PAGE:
This could be ascribed as to the selection for a single potential mate in nature and which is similar to the sex ratio 1♂: 1♀. In case of 2♂: 1♀ combination, number of male is increased in the population that lead to the occurrence of male competition as it is evident that male territory formation is common in Macrobrachium rosenbergii. Due to this problem, all the males were not able to take part in copulation with females and only larger dominating blue clawed males copulated with female, thereby providing reduced genetic variability for this sex ratio. The pair wise genetic distance (Nei’s genetic distance, D) values revealed the highest value at 0.012 for both the 1♂: 1♀ vs. 2♂: 1♀ and 2♂: 1♀ vs. control combinations, and the lowest value (0.007) for 1♂: 1♀ vs. control combination. All of the results clearly demonstrate the very lower genetic variability (very closer genetic relation) between 1♂: 1♀ vs. control combination. See et al., (2008) observed the highest genetic distance value as 0.0653 between two populations and the lowest genetic distance value as 0.03 in case of 11 different populations of giant fresh water prawn in Malaysia. Khan et al. (2014) observed and expected heterozygosities were found to be 0.574 to 0.634 and 0.804 to 0.827, respectively are in agreement with the range reported by other authors (Chareontawee et al., 2007; Schneider et al., 2012).
Figure 6 represents the UPGMA dendrogram for the larvae produced from broods stocked under different sex ratios together with larvae produced from natural broods. The UPGMA dendrogram based on Nei’s (1973) genetic distance indicated the segregation of four different experimental groups/populations of prawn into two clusters: 1♂: 1♀ and control populations in one cluster whereas 2♂: 1♀ and 1♂: 2♀ in another cluster. Results of this study clearly indicate the suitability of maintaining 1♂: 1♀ sex ratio in brood banks of giant fresh water prawn in order to produce genetically variable and high yielding post larvae from the hatcheries. Results of the present experiment further indicated that there is a clear role of sex ratio on the genetic variability of larvae of giant fresh water prawn and thus maintenance of appropriate sex ratio is a vital issue for brood stock development for this species.
4 Conclusion
In the present study, genetic variability was assessed successfully for the giant freshwater prawn post larvae produced from 3 different sex ratios and post larvae produced from the natural broods. Results obtained from this study clearly support for the maintenance of 1♂:1♀ sex ratio for brood stock development. Collection of Macrobrachium rosenbergii broods for hatcheries from nature has already created a sharp decline in abundance of this species in nature. Giant freshwater prawn culture has yet a long way to go in fulfilling the target production from closed waters of Bangladesh. As the culture of this species is being suffering from the problem of lower production performance, maintenance of appropriate sex ratio (1♂: 1♀) in the brood banks with better feeding practice may be a plausible solution on a preliminary basis to get rid of this problem as it can provide genetically more variable and high yielding seeds. It is expected that the higher the male competition, the higher the chance of morphotypes formation in M. rosenbergii but 1♂:1♀ ratio in a breeding population is essential for its gene pool conservation and though there will be more male in the culture system ensuring greater competition, innovative measures has to be brought in the culture system to reduce male competition. Further research is needed to test the relation between sex ratios, growth and male morphotypes formation in order to solve prevailing problems of M. rosenbergii culture.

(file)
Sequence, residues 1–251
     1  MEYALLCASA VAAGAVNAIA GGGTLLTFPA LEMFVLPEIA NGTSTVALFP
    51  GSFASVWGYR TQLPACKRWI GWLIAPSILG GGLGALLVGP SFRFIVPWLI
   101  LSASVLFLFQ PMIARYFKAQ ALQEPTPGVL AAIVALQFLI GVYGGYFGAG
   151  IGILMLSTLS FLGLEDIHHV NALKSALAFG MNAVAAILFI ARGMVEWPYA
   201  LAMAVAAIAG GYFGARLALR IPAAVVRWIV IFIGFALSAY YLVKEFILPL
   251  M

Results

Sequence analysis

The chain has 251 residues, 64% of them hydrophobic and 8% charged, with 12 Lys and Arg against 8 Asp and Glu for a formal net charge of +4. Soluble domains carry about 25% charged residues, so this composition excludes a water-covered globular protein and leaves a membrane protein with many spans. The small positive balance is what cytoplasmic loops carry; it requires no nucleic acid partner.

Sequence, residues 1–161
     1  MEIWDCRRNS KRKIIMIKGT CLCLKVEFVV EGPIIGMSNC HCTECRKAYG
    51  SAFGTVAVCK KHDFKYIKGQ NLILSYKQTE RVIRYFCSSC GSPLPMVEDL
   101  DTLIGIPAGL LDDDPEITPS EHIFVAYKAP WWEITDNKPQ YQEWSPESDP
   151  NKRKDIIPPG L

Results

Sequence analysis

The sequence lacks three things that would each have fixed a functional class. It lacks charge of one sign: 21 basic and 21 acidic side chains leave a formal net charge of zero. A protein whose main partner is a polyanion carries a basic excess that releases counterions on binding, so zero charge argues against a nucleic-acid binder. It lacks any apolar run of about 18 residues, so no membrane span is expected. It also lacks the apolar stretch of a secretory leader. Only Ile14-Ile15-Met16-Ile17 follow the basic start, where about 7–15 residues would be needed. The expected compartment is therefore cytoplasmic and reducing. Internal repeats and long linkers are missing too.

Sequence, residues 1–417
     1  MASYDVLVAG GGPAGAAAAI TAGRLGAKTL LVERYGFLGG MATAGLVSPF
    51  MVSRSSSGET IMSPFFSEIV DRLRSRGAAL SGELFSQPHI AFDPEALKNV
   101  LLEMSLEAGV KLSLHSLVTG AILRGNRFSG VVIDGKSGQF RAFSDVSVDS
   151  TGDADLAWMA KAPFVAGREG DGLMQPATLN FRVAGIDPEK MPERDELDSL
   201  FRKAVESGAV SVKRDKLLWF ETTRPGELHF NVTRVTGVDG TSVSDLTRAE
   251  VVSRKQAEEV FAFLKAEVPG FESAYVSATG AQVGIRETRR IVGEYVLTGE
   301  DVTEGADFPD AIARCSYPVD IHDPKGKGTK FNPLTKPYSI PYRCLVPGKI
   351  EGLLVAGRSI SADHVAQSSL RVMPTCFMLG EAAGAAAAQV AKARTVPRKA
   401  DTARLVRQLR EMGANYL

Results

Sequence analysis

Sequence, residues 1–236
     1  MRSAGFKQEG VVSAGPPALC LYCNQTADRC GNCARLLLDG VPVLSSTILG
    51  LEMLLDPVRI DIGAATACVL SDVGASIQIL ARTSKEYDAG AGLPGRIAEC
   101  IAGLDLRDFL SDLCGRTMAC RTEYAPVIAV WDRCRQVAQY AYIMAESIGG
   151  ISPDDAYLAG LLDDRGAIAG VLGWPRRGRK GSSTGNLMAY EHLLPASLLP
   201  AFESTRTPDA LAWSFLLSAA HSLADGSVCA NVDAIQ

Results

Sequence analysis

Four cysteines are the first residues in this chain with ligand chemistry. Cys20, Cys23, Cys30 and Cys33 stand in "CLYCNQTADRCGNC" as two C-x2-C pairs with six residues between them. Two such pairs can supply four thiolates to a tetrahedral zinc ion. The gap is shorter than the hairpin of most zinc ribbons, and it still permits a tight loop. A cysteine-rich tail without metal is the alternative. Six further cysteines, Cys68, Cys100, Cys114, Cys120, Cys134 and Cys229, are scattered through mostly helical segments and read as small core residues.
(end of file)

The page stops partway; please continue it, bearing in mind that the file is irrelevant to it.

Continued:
The authors are highly thankful to the Ministry of Science and Technology, Bangladesh for their financial support. The help of Mr. Mannan for technical assistances is also greatly acknowledged.